Not everyone has back-to-school blues

Diedre Smith
Posted 8/6/19

Throw out your expectations: Not every kid is bummed about school starting in a week-and-a-half.

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Not everyone has back-to-school blues


Throw out your expectations: Not every kid is bummed about school starting in a week-and-a-half.

“I am happy to go back to school because I am a big boy and I will be going to my sister’s school because I will be in Pre-K now,” said three-year-old Isaac Garza.

Some kids are lured in by shiny new school supplies, new clothes and anticipated memories. But when school starts on Aug. 19, not every young person will be so anxious to walk the halls again.

“I’m not excited to go back to school, but I had fun over the summer going swimming and going to the park,” said James Donaho, Jr., 6, who attends school in Centerville. Donaho and his 10-year-old sister Savanna were in Madisonville doing some last-minute school supply shopping froe heading out for groceries.

Savanna erred to the side of optimism for the new school year, herself. “For the new school year, I am looking forward to learning, making new friends, and having fun.” she said.

When many kids think about going back to school, queue the moaning and groaning at the thought of waking up at the crack of dawn on weekdays to jump out of their warm and cozy beds to run and catch the school bus. But when you actually ask how they feel about returning to the halls of academia, you get a diverse array of answers.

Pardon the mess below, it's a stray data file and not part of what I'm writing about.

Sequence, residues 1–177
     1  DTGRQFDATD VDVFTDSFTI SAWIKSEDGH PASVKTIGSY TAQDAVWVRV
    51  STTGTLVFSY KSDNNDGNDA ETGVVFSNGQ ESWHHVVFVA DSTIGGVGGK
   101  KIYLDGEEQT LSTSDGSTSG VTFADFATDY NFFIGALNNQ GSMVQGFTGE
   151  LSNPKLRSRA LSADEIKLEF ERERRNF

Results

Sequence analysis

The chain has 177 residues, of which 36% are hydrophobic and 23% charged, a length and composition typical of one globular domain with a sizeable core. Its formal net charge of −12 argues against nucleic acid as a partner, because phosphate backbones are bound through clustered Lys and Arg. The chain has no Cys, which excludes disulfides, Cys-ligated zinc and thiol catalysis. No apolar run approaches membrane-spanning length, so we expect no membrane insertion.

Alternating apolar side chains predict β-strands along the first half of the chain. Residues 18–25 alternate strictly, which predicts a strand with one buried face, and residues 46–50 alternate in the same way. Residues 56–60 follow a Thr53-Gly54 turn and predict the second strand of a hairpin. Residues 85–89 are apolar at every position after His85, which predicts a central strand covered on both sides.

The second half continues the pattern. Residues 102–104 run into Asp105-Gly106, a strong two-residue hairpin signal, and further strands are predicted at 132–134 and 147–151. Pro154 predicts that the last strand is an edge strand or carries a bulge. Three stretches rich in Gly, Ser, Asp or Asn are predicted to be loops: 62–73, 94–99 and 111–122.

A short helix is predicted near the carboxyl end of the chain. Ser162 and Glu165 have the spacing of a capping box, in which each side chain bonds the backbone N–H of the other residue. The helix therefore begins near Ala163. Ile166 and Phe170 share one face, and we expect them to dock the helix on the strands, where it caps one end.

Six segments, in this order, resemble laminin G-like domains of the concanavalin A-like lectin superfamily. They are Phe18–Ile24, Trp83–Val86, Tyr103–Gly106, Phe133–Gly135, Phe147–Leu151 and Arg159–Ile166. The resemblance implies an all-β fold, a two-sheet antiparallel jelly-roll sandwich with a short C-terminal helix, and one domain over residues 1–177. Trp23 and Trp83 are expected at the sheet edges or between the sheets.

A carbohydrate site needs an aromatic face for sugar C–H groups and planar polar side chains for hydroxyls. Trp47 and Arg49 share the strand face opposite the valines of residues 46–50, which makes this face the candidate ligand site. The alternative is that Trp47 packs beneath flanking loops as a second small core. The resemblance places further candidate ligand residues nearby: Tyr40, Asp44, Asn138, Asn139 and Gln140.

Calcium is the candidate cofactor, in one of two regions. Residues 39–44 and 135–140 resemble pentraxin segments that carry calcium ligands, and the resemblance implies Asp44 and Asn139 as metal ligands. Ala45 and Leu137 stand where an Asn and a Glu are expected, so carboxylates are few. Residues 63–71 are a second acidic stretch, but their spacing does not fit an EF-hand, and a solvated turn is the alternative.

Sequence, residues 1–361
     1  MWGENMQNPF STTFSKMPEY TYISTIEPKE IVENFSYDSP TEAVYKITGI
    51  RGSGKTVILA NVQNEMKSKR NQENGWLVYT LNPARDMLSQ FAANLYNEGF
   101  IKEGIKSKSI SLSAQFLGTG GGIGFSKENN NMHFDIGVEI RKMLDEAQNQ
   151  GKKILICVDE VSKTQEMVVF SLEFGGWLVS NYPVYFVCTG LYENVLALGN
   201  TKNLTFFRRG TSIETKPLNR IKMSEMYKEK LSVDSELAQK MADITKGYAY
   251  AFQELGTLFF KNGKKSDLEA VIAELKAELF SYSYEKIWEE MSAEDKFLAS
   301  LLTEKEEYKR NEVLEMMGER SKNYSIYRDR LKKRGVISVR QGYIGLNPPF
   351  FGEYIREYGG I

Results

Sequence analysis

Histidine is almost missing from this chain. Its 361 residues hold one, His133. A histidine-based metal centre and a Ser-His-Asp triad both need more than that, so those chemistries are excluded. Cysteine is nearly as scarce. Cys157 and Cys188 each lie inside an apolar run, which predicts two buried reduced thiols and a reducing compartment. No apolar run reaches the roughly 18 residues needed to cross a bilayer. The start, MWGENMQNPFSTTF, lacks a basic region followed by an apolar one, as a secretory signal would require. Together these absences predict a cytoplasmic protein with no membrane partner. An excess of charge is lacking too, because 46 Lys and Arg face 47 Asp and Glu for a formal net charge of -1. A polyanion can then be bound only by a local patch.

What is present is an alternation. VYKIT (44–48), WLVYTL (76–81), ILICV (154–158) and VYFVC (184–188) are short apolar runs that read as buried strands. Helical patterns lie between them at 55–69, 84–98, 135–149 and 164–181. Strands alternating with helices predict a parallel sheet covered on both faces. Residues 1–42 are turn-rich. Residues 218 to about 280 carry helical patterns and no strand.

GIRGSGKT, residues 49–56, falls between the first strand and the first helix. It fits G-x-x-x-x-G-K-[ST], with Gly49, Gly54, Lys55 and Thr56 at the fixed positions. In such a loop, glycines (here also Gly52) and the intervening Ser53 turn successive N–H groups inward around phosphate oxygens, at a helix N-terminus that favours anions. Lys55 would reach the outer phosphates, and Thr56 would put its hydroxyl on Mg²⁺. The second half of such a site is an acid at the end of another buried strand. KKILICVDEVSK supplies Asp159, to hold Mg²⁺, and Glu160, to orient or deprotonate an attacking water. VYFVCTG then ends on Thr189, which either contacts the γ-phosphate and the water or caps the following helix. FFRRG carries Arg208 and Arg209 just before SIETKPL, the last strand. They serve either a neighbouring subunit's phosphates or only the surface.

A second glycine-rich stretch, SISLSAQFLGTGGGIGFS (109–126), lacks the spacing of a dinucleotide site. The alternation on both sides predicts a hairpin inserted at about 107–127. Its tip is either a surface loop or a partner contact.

The Garza family youngsters, including Isaac, go to Madisonville Consolidated Independent School District schools. And all of the children of the family seem excited to return to the books.

“I am excited and nervous because it is my last year at the Intermediate school,” Giovanny, 10 and headed to sixth grade, said.

Both his younger sisters – Charlie, 7, and Lezlie, 6 – both claim excitement about returning to school. Charlie looks forward to seeing friends, while Lezlie wants to meet her new teacher and find out what field trips are on the calendar for the year.

Ashley Saucedo has mixed feelings. She’ll be a senior at Madisonville High School this year, happy to jump into her favorite school activies like band and tennis, yet somber about the fact it will be her last year at the school.

“I am anticipating high expectations for myself as well as stressful times and fun memories to come out of my senior year,” she said. “Before the start of the school year, however, my family and I usually take trips to the movies over the weekends whenever we can, so that’s also something to look forward to before starting the new year.”

The stereotypical dread that accompanies a new school year has somewhat shifted toward the parents, with multiple school shootings and other incidents in recent years. Many families are taking extra precaution with their children’s safety and are even buying objects such as bullet proof backpacks to protect their children from a potential shooter.

Camilla Castillo, mother of daughters Sophia, 7, and Maria Castillo, 11, expressed her concerns about leaving her daughters in the hands of the school’s protection.

“I am extremely concerned for my kids’ safety, so no I am not ready for them to go back to school,” she said. “With all the school and public shootings happening today, it’s like you are putting yourself in doubt while you ask yourself if they are truly safe when you drop them off.

“Not to mention the bullying that can occur while they are attending class, it just scares me to think that my kids could be in harm’s way.”